Sales & Marketing
5 things I wish I'd known before taking my company online
5 min read
20 May 2014
Phil Harker, MD of clothing alternation firm Quickstitch, looks at the five things he wish he'd known before turning his 22-store business into an online business. Here are his lessons.
My business, clothing alteration and repair company Quickstitch, was first established in Newcastle city centre in 1983 and went on to open 22 stores across the UK in the next two decades.
However, like many UK businesses faced with the demand to be more efficient and cost effective, we have since withdrawn from the high street in favour of an online presence.
It hasn’t always been an easy ride. Here are the five most significant things I’ve learnt since taking my company online.
1. Have a flexible home page
Making the jump to online definitely taught us the importance of having a flexible home page, specifically with the option to alter imagery and add content.
When we launched the site we created the home page with fixed points of entry being men’s and women’s clothing.
As time has gone on and we have invested in the SEO, we have become a slave to the imagery and photos on the home page and in effect cannot change the initial impression of our online shop window.
On the one hand it gives the site a sense of reliability and permanence, but perhaps doesn’t intrigue customers to explore new services that are often up loaded.
Looking back, it would have perhaps been a better idea to bear the idea of future change in mind when we were creating the site.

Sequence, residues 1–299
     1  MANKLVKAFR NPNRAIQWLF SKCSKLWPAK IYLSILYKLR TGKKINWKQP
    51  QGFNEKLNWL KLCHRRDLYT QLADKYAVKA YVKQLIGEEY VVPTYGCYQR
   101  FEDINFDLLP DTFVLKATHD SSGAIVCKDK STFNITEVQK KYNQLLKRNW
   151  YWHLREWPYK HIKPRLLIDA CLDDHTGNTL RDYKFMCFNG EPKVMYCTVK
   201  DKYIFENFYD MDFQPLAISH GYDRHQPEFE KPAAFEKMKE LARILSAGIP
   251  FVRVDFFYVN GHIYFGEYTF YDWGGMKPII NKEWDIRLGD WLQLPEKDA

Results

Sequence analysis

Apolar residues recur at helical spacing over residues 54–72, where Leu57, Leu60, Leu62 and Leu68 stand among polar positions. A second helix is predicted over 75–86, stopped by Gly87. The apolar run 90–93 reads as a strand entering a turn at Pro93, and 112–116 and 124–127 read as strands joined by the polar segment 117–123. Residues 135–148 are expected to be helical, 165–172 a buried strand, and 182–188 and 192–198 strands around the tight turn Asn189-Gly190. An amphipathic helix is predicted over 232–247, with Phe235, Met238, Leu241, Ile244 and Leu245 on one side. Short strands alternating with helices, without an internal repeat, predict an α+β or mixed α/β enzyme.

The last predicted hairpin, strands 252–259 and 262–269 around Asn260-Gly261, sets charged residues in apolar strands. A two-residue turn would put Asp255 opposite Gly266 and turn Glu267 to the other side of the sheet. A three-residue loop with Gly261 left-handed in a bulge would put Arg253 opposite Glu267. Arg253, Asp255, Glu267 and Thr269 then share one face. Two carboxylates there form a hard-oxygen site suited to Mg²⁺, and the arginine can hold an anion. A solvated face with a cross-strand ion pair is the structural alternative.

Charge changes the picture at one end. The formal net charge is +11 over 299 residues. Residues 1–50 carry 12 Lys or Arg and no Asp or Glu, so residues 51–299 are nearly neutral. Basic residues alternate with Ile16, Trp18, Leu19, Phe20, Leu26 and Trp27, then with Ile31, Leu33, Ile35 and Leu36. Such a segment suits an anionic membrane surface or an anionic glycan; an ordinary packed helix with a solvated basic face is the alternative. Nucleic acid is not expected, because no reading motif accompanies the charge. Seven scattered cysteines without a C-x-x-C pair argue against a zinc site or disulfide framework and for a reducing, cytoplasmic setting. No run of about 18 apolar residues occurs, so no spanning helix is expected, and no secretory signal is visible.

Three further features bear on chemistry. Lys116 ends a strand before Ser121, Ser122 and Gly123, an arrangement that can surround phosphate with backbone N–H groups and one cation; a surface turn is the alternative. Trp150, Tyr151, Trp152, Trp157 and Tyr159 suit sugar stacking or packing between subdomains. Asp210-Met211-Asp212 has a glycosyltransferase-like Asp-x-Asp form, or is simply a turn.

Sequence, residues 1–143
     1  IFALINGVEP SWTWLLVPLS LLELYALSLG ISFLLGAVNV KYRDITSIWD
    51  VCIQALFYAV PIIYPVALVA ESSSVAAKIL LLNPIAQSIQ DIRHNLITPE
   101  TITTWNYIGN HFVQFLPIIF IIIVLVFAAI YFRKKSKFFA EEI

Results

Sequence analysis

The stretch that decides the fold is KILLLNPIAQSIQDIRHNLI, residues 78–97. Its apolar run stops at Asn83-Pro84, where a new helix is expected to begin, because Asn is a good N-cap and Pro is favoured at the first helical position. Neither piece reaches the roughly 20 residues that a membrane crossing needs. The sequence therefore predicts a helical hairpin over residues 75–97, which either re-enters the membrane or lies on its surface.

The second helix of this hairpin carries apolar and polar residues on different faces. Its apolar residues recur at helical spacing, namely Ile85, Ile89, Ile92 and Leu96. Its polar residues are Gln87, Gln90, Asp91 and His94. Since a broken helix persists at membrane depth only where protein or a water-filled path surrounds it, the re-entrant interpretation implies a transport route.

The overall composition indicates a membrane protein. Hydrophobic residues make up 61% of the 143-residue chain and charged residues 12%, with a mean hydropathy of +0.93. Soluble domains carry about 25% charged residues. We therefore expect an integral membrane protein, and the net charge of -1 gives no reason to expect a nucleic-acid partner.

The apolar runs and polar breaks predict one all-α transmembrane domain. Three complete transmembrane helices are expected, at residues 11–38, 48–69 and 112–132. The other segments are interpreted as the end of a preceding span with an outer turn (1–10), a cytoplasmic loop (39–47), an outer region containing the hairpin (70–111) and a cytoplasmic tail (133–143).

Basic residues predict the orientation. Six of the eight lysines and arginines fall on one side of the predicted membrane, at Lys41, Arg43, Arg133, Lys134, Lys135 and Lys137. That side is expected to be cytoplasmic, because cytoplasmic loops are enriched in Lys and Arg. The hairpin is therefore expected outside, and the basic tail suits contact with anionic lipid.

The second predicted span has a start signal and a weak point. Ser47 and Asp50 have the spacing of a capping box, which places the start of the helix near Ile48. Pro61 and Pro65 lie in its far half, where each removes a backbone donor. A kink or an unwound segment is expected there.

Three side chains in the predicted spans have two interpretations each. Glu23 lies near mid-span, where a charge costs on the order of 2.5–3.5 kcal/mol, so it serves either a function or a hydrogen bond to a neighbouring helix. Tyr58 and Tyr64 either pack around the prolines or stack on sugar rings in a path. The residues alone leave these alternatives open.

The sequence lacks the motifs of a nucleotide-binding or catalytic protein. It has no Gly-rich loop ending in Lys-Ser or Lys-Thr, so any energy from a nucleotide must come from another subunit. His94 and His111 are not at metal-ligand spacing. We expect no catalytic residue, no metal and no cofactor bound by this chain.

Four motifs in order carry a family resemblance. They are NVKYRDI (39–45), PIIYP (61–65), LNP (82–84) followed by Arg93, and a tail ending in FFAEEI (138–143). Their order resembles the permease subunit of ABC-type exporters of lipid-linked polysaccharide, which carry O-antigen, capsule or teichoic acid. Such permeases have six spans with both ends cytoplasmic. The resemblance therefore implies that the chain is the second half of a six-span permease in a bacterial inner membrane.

2. The importance of targeted traffic
It’s one thing to create a great site that works well, but it’s a dark art to get people to actually visit it and invest in you as a company and purchase your services.
Especially for a business like ours, with an existing customer base on the high street, it’s easy to think that your customers will follow you from the store to the site; this isn’t necessarily the case and it’s only through actually experiencing this process that you understand how hard it is to build up site traffic.
Making a great site and sitting back in wait for customers isn’t enough – you’ll have to work extremely hard to bring business to our new online doorstep. It’s still something we continue to work on every day
3. Design is key
Design is key when it comes to making a site and visual impressions definitely count.
We shopped around for web developers before taking the company online and ended up going for a higher end developer as we knew our service was honed and market ready.
But, we needed the customers to embrace us from the beginning and trust us as soon as they landed on our home page. This can only be done through honesty and simplicity, but great design helps.
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4. Keep things simple
It’s easy in the early stages to throw out all your best and wildest ideas and see if there is a market for it.
Being creative is great and shows you’re in the right business, but you need to make your ideas easy to digest. Customers want reliability and value over creativity.
Once you’ve mastered the basics on earned their trust, then you can start to put your new ideas into practice.
5. Never stop tweaking and adjusting
Being totally honest, the day we went live was a real downer. You’ve done so much work, and put so much time and energy into the project and your hopes are so high; but in reality, that’s only the beginning of a long process.
There’s no point in putting 110 per cent into the concept and then sitting back expecting it to flourish of its own accord. You need to adapt to what works and what doesn’t and adjust accordingly. Going live is step one. That’s where the work begins.
Phil Harker is managing director of Quickstitch.